Wednesday, June 12, 2019

Jason Lutes' Berlin

I'm not really sure how to say anything about graphic novels, so I'm mostly just going to "quote" from Jason Lutes' wonderful Berlin, a graphic novel about the last years of the Weimar Republic, before Hitler's rise to power. He completed it last year after starting in 1996, and it consists of 24 issues, gathered subsequently into three books, before being released in a single volume last year. I came across it in this review by Jeet Heer from earlier this year.

The two main characters are Kurt Severing, a reporter whose editor is the historical figure Carl von Ossietzky. Here Severing is being berated by a communist friend for his hope that a non-violent solution can still be found:

The other major character is Marthe Müller, who comes from Köln to Berlin to be an art student, but also to experience the life of the city:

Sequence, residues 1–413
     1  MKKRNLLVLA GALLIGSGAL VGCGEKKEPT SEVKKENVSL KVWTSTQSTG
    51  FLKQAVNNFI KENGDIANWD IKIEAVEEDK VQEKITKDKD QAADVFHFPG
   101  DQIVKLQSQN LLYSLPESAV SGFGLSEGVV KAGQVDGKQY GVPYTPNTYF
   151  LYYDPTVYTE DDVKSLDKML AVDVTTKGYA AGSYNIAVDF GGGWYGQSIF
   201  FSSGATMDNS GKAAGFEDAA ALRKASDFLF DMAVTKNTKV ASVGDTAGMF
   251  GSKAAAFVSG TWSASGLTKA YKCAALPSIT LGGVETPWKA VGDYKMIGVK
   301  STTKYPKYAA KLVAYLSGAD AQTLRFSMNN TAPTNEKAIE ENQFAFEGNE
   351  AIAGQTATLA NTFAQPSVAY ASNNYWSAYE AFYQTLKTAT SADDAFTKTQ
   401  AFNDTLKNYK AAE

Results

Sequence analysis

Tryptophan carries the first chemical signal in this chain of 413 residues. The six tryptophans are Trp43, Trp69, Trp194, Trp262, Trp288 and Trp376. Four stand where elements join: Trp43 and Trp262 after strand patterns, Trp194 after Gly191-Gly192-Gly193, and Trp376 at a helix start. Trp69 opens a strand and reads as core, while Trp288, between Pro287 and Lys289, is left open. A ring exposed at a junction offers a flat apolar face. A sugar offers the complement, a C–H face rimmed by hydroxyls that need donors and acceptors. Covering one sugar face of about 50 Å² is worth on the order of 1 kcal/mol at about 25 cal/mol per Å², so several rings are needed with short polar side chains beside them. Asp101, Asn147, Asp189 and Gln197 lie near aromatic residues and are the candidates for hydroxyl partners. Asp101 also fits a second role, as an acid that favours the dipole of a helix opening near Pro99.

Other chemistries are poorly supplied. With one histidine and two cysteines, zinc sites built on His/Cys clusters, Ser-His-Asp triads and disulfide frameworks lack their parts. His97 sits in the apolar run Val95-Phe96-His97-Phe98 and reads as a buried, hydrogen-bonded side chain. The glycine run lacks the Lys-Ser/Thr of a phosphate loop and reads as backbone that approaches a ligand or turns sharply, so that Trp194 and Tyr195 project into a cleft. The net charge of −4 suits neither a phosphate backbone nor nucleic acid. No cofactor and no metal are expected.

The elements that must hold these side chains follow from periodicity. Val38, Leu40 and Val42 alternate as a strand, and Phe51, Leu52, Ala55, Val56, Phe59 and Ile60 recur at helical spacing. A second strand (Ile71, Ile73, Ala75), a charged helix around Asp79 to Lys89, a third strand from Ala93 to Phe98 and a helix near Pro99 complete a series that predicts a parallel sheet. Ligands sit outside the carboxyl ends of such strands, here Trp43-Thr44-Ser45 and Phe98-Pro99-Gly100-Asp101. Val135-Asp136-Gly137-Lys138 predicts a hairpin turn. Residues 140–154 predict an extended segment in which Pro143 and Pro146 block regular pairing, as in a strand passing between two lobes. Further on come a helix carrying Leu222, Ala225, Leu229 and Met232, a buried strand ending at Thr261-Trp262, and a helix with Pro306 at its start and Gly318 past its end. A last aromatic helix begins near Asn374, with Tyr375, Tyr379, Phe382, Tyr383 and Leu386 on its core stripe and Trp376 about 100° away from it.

It was easier for me to get the three individual volumes than the one omnibus from my library, and though I was interested from that first review, I only put the hold on the first one initially, and I've had to return it. But I was convinced by the series from a moment in the first volume when Severing walks into his editor's office: there's a desk with a full ashtray on it, and then a number of smaller panels where we see full ashtrays also on his bookcase, the window sill, etc. That was a man under stress. But I can't show you the picture anymore.

There are numerous other characters as well, representing both the political right and the left, Jews, Lesbians and gays, the spectrum of what we think of as Weimar period Berlin.

I know a little but not a lot about the period, but it fits with one's sense from things like Goodbye to Berlin. I was chuffed to see this panel:

because I knew that song from the Ute Lemper album of twenty years ago:

Highly recommended. Interesting, fun, and in these times, just a little bit scary.

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